Audiobooks pack a more powerful emotional punch than film

GettyImages-869794278.jpgBy Emma Young

Audiobook sales are booming, almost doubling in the UK over the past five years. Some are now sophisticated, being voiced by multiple actors and featuring extensive sound effects. But even single-narrator audiobooks are, it’s been argued, more cognitively and emotionally engaging than print – in part because a listener can’t slow down, as they can with a print book. 

As a writer whose latest psychology-themed novel She, Myself and I is now being produced as an audiobook, I can’t help wondering about the benefits, and the costs. Personally, I like to be able to control my pace through a print book, to re-read sentences or paragraphs that I particularly enjoy or that I don’t quite process properly on a first read. 

However, as Daniel Richardson at UCL, and fellow researchers, point out in a new study, available as a pre-print on the bioRxiv service, “Our oldest narratives date back many thousands of years and pre-date the advent of writing… For the majority of human history, stories were synonymous with oral tradition; audiences listened to a story-teller imparting a tale.” Humans did not evolve to read, so perhaps there’s something primordially special about listening to a story. But, as the researchers go on to write, “in the modern era, video has emerged as a major narrative tool as well.” 

So which is more engaging – video or audio? That’s the focus of the new paper. And I’m intrigued. I’ve also sold TV rights to the novel, and TV, of course, is the medium of mass-appeal. If my book is ultimately turned into a TV series, might viewers become more involved in the story than my audiobook listeners?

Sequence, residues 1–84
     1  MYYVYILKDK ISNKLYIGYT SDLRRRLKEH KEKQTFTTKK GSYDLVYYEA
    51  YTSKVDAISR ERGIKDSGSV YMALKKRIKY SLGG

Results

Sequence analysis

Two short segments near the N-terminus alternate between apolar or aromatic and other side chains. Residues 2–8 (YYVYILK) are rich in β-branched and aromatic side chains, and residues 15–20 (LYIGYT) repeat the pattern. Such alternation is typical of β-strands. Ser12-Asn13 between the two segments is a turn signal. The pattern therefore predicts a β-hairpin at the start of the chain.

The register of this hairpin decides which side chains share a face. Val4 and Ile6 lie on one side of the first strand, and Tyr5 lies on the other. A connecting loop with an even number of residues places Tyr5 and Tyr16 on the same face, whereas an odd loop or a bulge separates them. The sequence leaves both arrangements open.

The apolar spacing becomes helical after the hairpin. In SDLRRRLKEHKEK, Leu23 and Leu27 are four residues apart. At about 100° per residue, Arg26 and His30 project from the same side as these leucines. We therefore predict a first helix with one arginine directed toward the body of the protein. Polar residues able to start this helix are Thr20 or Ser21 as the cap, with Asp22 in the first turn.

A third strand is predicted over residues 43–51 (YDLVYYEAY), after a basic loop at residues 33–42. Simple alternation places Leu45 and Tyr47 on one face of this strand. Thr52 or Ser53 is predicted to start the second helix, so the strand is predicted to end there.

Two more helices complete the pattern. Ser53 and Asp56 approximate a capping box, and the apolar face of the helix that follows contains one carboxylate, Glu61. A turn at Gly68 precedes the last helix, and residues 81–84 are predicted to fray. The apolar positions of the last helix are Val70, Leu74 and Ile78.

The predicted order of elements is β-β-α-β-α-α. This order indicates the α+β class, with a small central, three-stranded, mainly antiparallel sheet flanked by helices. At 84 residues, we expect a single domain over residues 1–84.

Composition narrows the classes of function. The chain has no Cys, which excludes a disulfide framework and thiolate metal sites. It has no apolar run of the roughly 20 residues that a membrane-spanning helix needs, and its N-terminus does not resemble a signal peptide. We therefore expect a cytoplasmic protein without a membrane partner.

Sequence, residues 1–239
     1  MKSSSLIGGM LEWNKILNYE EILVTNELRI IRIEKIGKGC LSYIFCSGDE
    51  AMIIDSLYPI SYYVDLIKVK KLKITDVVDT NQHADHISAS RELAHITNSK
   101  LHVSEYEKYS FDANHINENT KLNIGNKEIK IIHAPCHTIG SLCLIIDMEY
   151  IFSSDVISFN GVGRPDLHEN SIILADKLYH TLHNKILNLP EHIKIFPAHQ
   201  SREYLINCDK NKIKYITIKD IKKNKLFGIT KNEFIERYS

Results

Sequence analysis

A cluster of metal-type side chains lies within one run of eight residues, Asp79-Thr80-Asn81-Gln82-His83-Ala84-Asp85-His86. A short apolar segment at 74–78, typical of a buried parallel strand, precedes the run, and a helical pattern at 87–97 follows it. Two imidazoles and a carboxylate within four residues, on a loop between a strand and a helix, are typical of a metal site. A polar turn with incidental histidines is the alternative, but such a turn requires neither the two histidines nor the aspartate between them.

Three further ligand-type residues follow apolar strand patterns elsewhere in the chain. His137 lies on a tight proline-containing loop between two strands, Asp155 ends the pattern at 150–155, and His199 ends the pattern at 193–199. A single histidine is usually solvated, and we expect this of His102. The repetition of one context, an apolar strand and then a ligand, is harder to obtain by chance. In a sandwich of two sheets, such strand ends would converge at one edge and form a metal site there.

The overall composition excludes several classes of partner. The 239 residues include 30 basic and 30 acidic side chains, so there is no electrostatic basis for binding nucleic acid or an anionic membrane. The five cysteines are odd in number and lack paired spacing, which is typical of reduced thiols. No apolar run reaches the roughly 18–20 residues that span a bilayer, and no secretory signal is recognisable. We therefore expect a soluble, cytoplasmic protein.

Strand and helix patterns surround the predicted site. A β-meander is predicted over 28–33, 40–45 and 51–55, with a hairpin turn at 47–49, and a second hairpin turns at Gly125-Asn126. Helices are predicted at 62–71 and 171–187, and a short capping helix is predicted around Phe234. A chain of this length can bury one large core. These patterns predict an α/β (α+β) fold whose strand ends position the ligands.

Video offers more information than audio, the researchers point out (while two people both hearing “The house was ablaze” would imagine slightly different things, watching a film showing a house on fire leaves nothing to the imagination.) Oral stories might therefore elicit more engagement, as the listener has to construct a personalised interpretation of the narrative. But because audio is also more demanding than video, is there a bigger risk that listeners will lose interest in the story, and switch off?

To investigate, the researchers asked 102 men and women, aged 18-55, to wear a wrist sensor that captured their heart rate, sweating and wrist temperature while they listened to and watched a series of emotionally-charged scenes. 

These were a mix of audio and film-version extracts from eight works of fiction, including Pride and Prejudice by Jane Austen, The Da Vinci Code by Dan Brown, and Game of Thrones by George R.R. Martin. The order of the presentations, and whether a particular story was presented as a video or as an audiobook extract, varied across participants.

At the end of each trial, participants completed a questionnaire that assessed four aspects of their perceived involvement in the story: their emotional engagement; their understanding of the narrative; their attentional focus; and the “narrative presence” (indicating to what extent they agreed or disagreed with “At times, the story was closer to me than the real world,” for example).  

Though the participants reported feeling more engaged in the videos, their heart rates, body temperatures and skin conductance readings were all higher while they were listening to the audio. Increased heart rate was taken to indicate greater cognitive effort (there were no differences in levels of fidgeting between the audio and video trials), especially given the other data: the skin conductance and temperature readings suggested that the participants were more emotionally involved when listening to audio, the researchers argued.